Burlington’s Housing Request has merit, but it needs to create the noise protection in the documents

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After Buying Airport-Area Homes to Raze, Burlington Wants to Save Some

Bought in Incompatible Noise Zone

Good Houses may add to needed affordable supply

City must write Ironclad Avigation Easement

The City of Burlington, VT, which once had a mayor named Bernie Sanders, has proposed an interesting, yet challenging proposal—having spent $2 million of AIP funds  for a cluster of condos that they intended to demolish near Burlington International Airport for noise abatement purposes (under standards the houses were then deemed uninhabitable).

Now, the sponsor has a new idea– to allow the 7 Lily Lane condos to remain standing. Currently BTV employees are living there “security caretakers,” preventing the looting and vandalism.

Gene Richards, BTV’s director of aviation, said Burlington Mayor Miro Weinberger encouraged him to “exhaust every opportunity there is to have the homes stay where they are.” Burlington has an affordable housing shortage, much like many cities and the 7 Lily buildings are good stock.

 

Preliminary versions of the report that show the noise contour lines have shifted enough to allow the homes to remain standing. The Mayor said that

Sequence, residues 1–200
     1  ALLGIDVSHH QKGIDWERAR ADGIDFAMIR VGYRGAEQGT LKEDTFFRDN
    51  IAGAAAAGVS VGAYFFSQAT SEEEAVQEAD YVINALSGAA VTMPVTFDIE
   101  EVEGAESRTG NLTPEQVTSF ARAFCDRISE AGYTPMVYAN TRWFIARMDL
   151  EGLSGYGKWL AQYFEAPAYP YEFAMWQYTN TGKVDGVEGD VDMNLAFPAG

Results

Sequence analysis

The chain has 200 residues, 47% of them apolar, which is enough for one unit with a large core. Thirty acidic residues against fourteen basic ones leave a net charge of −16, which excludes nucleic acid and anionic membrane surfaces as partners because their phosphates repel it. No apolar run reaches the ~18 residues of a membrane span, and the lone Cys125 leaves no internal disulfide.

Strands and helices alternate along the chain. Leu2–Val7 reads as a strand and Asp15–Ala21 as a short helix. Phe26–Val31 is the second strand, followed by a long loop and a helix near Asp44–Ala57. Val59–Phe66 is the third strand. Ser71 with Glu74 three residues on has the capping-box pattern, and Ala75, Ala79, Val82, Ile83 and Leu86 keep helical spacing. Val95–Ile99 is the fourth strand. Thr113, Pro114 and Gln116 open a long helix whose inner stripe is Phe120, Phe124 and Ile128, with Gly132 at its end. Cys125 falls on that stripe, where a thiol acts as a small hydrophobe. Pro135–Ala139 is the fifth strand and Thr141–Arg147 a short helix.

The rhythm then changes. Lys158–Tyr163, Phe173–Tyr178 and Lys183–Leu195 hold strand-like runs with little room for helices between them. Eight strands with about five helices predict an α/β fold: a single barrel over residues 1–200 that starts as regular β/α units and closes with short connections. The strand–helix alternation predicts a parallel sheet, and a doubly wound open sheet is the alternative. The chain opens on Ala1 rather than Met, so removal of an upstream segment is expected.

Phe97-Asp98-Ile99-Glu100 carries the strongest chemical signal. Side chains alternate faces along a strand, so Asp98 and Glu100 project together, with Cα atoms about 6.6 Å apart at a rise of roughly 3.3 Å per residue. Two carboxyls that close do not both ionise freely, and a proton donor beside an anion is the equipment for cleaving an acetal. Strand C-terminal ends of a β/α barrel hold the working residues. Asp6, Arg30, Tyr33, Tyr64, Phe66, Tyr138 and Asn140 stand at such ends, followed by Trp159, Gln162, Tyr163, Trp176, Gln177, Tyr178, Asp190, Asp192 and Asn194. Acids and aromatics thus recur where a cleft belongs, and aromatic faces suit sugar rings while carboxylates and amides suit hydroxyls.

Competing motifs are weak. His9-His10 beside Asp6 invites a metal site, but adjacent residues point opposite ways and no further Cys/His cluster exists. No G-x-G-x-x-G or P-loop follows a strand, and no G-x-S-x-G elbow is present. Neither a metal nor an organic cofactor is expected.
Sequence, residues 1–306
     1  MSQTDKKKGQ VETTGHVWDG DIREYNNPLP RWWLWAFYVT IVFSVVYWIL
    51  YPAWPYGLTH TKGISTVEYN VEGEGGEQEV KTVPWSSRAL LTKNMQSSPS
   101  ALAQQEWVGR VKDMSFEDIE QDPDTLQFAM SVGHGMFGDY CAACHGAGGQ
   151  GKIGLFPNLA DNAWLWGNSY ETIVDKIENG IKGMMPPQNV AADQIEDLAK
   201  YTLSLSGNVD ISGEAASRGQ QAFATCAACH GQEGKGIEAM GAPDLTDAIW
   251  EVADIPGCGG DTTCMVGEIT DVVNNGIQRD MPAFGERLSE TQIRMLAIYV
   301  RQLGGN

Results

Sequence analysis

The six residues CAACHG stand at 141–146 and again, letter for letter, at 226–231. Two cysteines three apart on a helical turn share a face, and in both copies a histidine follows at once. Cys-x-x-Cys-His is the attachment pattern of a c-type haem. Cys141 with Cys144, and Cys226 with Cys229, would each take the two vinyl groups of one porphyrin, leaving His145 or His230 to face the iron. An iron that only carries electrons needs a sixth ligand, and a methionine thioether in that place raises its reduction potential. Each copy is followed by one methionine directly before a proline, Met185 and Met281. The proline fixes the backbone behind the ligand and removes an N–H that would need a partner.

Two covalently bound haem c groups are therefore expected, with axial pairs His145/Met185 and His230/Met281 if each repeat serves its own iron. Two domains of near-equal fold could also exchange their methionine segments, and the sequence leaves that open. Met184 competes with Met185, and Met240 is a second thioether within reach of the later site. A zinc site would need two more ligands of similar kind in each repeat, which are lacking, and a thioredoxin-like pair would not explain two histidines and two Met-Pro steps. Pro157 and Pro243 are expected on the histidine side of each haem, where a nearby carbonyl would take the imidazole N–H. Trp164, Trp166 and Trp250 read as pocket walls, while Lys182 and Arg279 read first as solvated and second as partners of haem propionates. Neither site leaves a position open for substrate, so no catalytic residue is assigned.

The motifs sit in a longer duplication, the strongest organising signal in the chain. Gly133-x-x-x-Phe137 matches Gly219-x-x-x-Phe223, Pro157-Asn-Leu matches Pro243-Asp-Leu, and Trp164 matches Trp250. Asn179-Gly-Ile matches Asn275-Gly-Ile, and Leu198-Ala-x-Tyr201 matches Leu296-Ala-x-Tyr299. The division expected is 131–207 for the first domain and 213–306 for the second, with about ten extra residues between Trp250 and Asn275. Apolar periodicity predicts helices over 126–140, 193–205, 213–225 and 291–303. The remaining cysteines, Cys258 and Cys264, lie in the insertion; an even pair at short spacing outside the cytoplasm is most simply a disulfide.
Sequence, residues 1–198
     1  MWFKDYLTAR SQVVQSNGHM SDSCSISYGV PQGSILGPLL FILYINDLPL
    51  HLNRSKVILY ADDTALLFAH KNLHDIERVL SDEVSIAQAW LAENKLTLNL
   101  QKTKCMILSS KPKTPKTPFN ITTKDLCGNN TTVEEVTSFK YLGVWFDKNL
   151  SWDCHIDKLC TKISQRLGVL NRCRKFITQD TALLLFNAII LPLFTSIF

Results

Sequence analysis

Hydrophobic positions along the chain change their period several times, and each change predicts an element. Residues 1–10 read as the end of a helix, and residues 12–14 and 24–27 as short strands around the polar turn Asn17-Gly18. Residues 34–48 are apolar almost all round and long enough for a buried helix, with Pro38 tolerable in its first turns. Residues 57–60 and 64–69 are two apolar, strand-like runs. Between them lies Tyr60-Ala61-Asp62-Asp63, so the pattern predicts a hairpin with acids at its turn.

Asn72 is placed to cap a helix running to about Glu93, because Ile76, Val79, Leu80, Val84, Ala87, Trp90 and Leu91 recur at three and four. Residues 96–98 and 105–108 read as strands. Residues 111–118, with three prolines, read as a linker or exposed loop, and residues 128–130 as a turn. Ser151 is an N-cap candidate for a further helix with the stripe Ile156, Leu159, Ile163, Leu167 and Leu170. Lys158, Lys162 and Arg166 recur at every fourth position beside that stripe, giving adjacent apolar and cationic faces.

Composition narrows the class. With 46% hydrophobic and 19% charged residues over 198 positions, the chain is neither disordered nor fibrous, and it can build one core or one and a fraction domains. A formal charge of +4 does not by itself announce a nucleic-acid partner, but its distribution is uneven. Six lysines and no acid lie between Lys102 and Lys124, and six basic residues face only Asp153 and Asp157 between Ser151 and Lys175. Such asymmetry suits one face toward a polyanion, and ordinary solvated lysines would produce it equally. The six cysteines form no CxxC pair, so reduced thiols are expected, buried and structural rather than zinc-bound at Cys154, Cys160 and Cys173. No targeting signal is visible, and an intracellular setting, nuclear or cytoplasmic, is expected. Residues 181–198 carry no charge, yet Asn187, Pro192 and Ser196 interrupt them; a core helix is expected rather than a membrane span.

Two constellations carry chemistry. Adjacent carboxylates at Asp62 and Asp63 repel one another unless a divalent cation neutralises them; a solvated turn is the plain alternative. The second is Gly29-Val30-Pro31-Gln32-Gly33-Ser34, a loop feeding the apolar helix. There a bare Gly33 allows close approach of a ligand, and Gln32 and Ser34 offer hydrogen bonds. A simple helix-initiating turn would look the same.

“There are details still to be determined here about whether this plan is going to work and whether these homes can be saved, but I am increasingly hopeful that it might be possible.”

The arrival of the Vermont Air National Guard’s F-35 fighter jets next year is a major part of the equation. Weinberger said the noise will actually be less intense for some homes alongside the runways and louder for houses at the ends of the runways. The Lily Lane homes are alongside the runways, though not far from the end.

Once the new maps are issued, Richards said, the airport intends to pursue sound-mitigation measures for some homes.

The acquisition of the houses with AIP grants is intended to remove houses from areas of incompatible use. The FAA likely would object to the sale of lease of these units without 1000% tight avigation easements which would permanently prohibit the occupants from seeking inverse condemnation damages. It might be best for the City to retain title to the properties and include an ironclad easement or lease clause addressing the exclusion of any noise action. The documents should include explicit boldface language signed by the transferee acknowledging not only the existing noise levels, but also admitting that the noise may increase while accepting the consequences of that added nuisance.

The burden is on the City to prepare these terms. It is NOT incumbent on the FAA to suggest language adequate to protect against these house from limiting the future inverse condemnation litigation.

 

Interesting idea, but the burden on Burlington to design the necessary prophylactic terms.


 


 

 

 

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